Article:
If the contracting officer and program team, including legal advisor(s) believe there is merit in the allegations, the contracting officer should pursue suspension.
"FAR 9.407 -- Suspension.
FAR 9.407-1 -- General.
(a) The suspending official may, in the public interest, suspend a contractor for any of the causes in 9.407-2, using the procedures in 9.407-3.
(b) (1) Suspension is a serious action to be imposed on the basis of adequate evidence, pending the completion of investigation or legal proceedings, when it has been determined that immediate action is necessary to protect the Government’s interest. In assessing the adequacy of the evidence, agencies should consider how much information is available, how credible it is given the circumstances, whether or not important allegations are corroborated, and what inferences can reasonably be drawn as a result. This assessment should include an examination of basic documents such as contracts, inspection reports, and correspondence.
FAR 9.407-2 -- Causes for Suspension.
(a) The suspending official may suspend a contractor suspected, upon adequate evidence, of --
(1) Commission of fraud or a criminal offense in connection with --
(ii) Attempting to obtain; or
(iii) Performing a public contract or subcontract;
(2) Violation of Federal or State antitrust statutes relating to the submission of offers;
(3) Commission of embezzlement, theft, forgery, bribery, falsification or destruction of records, making false statements, tax evasion, violating Federal criminal tax laws, or receiving stolen property;
(4) Violations of 41 U.S.C chapter 81, the Drug-Free Workplace, as indicated by—
(i) Failure to comply with the requirements of the clause at 52.223-6, Drug-Free Workplace; or
(ii) Such a number of contractor employees convicted of violations of criminal drug statutes occurring in the workplace as to indicate that the contractor has failed to make a good faith effort to provide a drug-free workplace (see 23.504);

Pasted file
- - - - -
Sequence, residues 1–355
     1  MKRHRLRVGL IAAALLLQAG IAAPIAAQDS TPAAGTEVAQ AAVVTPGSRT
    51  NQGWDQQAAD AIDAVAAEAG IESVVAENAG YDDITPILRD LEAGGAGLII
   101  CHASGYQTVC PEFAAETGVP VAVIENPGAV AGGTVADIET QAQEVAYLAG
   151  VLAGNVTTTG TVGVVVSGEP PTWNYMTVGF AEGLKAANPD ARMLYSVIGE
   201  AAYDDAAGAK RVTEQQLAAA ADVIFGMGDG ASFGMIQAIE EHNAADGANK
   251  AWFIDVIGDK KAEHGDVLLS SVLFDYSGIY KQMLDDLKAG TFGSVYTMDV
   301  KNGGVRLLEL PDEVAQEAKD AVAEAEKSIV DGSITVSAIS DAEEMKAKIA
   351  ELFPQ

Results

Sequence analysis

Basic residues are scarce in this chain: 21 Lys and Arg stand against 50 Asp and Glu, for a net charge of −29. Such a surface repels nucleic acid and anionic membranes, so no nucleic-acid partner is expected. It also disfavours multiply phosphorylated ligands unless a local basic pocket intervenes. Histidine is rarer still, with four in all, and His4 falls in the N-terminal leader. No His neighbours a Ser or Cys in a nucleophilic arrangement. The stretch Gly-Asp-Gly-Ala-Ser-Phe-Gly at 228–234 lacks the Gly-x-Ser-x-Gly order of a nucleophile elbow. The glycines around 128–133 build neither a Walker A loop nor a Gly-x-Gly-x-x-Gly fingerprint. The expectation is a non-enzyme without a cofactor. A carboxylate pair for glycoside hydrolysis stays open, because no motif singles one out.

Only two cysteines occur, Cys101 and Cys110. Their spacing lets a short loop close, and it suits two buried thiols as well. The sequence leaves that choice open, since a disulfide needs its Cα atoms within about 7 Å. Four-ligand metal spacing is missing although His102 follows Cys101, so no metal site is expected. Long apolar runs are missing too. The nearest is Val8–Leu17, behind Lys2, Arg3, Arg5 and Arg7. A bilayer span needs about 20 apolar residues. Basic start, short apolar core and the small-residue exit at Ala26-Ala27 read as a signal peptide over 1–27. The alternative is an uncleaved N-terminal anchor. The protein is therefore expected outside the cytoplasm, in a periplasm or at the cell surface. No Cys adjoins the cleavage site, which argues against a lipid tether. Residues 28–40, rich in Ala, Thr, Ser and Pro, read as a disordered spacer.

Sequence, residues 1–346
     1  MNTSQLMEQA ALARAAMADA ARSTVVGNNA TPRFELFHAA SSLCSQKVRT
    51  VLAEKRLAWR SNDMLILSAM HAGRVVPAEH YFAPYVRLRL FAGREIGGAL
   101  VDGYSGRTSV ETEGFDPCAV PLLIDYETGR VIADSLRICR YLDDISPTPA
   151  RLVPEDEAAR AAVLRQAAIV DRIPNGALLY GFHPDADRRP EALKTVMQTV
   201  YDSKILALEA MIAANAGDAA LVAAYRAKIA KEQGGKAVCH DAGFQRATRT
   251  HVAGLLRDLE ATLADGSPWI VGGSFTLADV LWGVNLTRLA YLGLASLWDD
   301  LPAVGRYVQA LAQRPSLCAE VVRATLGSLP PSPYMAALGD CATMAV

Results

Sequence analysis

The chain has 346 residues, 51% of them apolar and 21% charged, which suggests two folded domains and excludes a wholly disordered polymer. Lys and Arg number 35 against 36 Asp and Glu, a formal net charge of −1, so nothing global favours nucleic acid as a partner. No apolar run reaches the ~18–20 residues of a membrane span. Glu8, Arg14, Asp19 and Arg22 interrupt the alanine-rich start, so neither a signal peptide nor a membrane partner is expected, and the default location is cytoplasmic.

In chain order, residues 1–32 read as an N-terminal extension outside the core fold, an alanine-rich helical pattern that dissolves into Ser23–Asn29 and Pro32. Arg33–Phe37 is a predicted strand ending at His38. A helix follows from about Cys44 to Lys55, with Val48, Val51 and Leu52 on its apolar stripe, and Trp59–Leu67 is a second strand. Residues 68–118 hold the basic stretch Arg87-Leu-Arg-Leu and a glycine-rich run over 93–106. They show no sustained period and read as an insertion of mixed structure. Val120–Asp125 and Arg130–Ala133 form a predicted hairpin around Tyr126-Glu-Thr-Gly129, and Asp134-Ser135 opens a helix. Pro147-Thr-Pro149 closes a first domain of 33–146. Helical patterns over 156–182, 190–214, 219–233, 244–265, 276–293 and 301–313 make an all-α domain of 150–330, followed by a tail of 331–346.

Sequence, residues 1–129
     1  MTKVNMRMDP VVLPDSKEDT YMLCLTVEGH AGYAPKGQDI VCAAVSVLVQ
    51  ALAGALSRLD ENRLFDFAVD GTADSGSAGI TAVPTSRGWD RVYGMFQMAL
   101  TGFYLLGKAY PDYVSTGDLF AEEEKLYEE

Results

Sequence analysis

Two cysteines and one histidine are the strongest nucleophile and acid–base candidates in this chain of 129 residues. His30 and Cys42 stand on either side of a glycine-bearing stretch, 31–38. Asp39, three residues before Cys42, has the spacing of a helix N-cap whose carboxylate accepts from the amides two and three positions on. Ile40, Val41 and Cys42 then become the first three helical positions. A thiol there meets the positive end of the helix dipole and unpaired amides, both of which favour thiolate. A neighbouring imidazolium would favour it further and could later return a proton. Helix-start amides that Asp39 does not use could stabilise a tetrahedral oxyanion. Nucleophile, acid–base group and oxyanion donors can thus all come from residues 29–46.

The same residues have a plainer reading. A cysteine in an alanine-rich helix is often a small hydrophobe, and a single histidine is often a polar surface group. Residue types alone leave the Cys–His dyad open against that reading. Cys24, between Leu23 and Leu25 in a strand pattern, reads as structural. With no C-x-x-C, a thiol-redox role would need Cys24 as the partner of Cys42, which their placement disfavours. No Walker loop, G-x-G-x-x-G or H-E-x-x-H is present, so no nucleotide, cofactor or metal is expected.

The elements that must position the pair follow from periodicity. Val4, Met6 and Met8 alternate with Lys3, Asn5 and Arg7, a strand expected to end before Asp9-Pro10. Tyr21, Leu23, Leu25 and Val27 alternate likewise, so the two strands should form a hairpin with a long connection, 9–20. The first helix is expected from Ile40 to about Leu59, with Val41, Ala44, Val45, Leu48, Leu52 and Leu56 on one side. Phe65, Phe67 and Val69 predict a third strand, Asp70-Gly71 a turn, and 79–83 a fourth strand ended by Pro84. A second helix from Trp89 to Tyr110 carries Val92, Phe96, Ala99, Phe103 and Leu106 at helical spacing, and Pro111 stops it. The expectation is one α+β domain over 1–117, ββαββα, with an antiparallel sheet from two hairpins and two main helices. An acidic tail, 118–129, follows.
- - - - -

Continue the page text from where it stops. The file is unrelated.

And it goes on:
(5) Intentionally affixing a label bearing a “Made in America” inscription (or any inscription having the same meaning) to a product sold in or shipped to the United States or its outlying areas, when the product was not made in the United States (see section 202 of the Defense Production Act (Pub. L. 102-558));
(6) Commission of an unfair trade practice as defined in 9.403 (see section 201 of the Defense Production Act (Pub. L. 102-558));
(7) Delinquent Federal taxes in an amount that exceeds $3,500. See the criteria at 9.406-2(b)(1)(v) for determination of when taxes are delinquent; or
(8) Knowing failure by a principal, until 3 years after final payment on any Government contract awarded to the contractor, to timely disclose to the Government, in connection with the award, performance, or closeout of the contract or a subcontract thereunder, credible evidence of—
(i) Violation of Federal criminal law involving fraud, conflict of interest, bribery, or gratuity violations found in Title 18 of the United States Code;
(ii) Violation of the civil False Claims Act (31 U.S.C. 3729-3733); or
(iii) Significant overpayment(s) on the contract, other than overpayments resulting from contract financing payments as defined in 32.001; or
(9) Commission of any other offense indicating a lack of business integrity or business honesty that seriously and directly affects the present responsibility of a Government contractor or subcontractor.
(b) Indictment for any of the causes in paragraph (a) above constitutes adequate evidence for suspension.
(c) The suspending official may upon adequate evidence also suspend a contractor for any other cause of so serious or compelling a nature that it affects the present responsibility of a Government contractor or subcontractor."
FAR 9.407-3 outlines Procedures.
If your team believes the information to be credible the proper avenue to pursue is suspension with potential debarment.